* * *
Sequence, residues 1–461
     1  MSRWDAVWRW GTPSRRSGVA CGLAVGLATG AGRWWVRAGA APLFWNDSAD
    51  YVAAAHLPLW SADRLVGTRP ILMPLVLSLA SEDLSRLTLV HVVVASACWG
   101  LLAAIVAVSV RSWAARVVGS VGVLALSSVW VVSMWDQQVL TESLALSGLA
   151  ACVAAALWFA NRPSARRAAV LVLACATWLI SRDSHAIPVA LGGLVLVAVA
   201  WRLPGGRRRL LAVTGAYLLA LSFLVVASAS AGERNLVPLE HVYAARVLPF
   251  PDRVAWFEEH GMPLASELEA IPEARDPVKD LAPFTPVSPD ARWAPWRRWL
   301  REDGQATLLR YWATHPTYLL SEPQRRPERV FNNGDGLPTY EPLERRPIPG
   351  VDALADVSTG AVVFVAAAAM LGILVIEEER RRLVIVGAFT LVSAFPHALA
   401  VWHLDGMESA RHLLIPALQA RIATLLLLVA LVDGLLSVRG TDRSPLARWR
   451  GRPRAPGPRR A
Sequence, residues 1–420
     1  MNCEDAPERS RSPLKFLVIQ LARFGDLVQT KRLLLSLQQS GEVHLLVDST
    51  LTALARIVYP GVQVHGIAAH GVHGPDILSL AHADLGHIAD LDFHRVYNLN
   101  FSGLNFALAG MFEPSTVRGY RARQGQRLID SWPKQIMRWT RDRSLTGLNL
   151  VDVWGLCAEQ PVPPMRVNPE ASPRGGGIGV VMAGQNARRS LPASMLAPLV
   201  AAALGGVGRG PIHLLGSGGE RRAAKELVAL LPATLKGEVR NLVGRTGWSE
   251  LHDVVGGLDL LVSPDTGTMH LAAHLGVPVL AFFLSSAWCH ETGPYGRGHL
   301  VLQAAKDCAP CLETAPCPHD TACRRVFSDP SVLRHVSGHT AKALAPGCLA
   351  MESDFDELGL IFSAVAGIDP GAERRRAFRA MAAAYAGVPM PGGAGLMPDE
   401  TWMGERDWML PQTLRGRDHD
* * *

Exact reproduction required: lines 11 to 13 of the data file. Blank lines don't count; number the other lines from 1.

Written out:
   451  GRPRAPGPRR A
Sequence, residues 1–420
     1  MNCEDAPERS RSPLKFLVIQ LARFGDLVQT KRLLLSLQQS GEVHLLVDST